In 1916 the fighting between Russian and Ottoman forces to the north of the country had spilt down into Persia; Russia gained the advantage until most of her armies collapsed in the wake of the 1917 Russian Revolution. This left the Caucasus unprotected, and the Caucasian and Persian civilians starving after years of war and depravation. In 1918 a small force of 400 British troops under General Dunsterville moved into the Trans-Caucasus from Persia in a bid to encourage local resistance to German and Ottoman armies who were about to invade the Baku oilfields. Although they later withdrew back into Persia, they did succeed in delaying the Turks access to the oil almost until the Armistice. In addition, the expedition¹s supplies were used to avert a major famine in the region, and a camp for 30,000 displaced refugees was created near the Persian-Mesopotamian border.
 
Persia after World War One (1919-1935)
 
By WW1 Persia was not the world power it had once been; it had become a tool in the political battles of other empires.In 1919 northern Persia was occupied by the British General Edmund Ironside to enforce the Turkish Armistice conditions and assist General Malleson contain Boshevik influences in the north. Britain also took tighter control over the increasingly lucrative oilfields. In 1925, Reza Shah Pahlavi seized power from the Qajars and established the new Pahlavi dynasty. However, Britain and the Soviet Union remained the influential powers in Persia into the early years of the Cold War.The second-to-last Shah, Reza Pahlavi, asked the world to call the country Iran in 1935, but in 1959 Mohammad Reza Pahlavi announced that both Persia and Iran can be used interchangeably.

References and Links :
 
Persian Empire
 
Greco-Persian Wars
 
List of Persian Kings
 
Iran - Persia
 

In the News ...


Cylindrical Seal with a Strange Design Discovered in Dezful

CHN - May 31, 2006

Cultural Heritage News Agency - Tehran, May 28, 2006

 

Archeological excavations in Sanjar Tepe in Khuzestan province resulted in discovery of a cylindrical seal with the design of a winged horse on its end.Although it is not the first time archeologists are confronted with the design of a winged horse in Iran, what makes this one special compared to the previous ones is that this winged horse has a lion's head and a cow or a goat's hooves, creating a strange creature which combines features of a horse, a bird, a lion, and a cow!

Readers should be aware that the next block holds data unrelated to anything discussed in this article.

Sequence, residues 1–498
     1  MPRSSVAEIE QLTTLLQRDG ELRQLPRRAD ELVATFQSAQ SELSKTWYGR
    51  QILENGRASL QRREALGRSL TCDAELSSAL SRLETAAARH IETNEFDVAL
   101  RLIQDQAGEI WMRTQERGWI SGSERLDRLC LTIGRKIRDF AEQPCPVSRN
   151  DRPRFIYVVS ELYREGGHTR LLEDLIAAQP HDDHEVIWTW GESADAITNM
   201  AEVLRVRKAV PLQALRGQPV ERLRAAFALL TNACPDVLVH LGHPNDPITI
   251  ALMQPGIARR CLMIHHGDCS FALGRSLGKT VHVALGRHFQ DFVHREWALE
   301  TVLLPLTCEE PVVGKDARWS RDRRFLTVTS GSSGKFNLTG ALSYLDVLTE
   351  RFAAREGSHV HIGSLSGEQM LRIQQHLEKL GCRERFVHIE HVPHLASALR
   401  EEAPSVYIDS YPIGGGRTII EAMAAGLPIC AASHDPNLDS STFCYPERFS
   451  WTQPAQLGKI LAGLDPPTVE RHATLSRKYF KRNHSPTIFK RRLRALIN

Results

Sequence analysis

A stone seal which most probably belongs to the Sassanid era (226-651 AD) was discovered during the first archeological excavation in Sanjar Tepe in Dezful.The design of a winged horse can be seen on the seal whose head is like a lion and has round hooves like a cow or a goat. Horse was considered as a sacred animal during the Sassanid period and had a special place among the Persians of the time. We had previously found a large number of Sassanid seals with the designs of winged horses on them in other archeological sites but what makes this one unique among all the pervious ones is that it is the first time we see such a strange combination of four animals all in one.

 

Another interesting thing about this design is that the hooves are round not cracked, although we don¹t have any idea about the reason it is designed so,² said Mostafa Abdolahi, archeologist and head of Archeology Department of Azad University of Dezful. First season of archeological excavations in Sanjar Tepe has started by the students of Dezful Azad University under the supervision of Dr. Pour Derakhshandeh. According to Abdolahi, the objects which have been discovered so far in this historical site, including clay, bronze and iron relics, were displayed in an exhibition in Khuzestan which was held during the Cultural Heritage Week (18-25 of May). "Some models illustrating the Islamic architectural style used in the constructions of the city and colored posters from some historic monuments prepared by the students were displayed in this exhibition. In addition, some documentary movies from different archeological sites were screened in this exhibition," said Abdolahi. Sanjar historical Tepe is located in the city of Dezful in Khuzestan province, south of Iran, and belongs to the Elamite period (2700 BC-539 BC). The first season of archeological excavations in this historical site led to discovery of the location of Zahari, the Elamite city. ³This city was located between the cities of Susa and Avan.


 

4 Winged Goddesses Flew over Iran

 

Cultural Heritage News Agency - October 13, 2005

 

    The recent excavations in Rabat Teppe archaeological site in Sardasht, Northwestern Iran, led to discovery of four icons of winged goddesses on bricks which belong to 3000 years ago. These are the first ever winged goddesses found in Iran. In initial measures, the area of the archaeological site was believed to be 14 hectares but recent studies extend its measures to 25 hectares.

     

    "This season of the excavations has led to discovery of four winged goddesses in Rabat Teppe which can be traced back to the Iron Age, about 3000 years ago. This kind of icons has never been seen in any Iranian archaeological site before," said Reza Heydari, an archaeologist of Western Azarbaijan Cultural Heritage and Tourism Organization. "These icons are unique and have no counterpart even in Persepolis. In Persepolis there is no sign of women," he added. "The found icons are women with haunches that are similar to deer or cow. Each one of the four goddesses has 2 raised wings."

     

    The most outward level of the site belongs to the first millennium BC. The archaeologists excavation which was started in current year September is an effort for a comparison of the site to the Mushashir's civilization. Based on historical documents, one of the biggest ancient religion¹s temples was based in the location. Mushashir civilization was contemporary with Urartu and Assyria. Due to political situations, Mushashirs sometimes allied with Assyrians or Urartu people.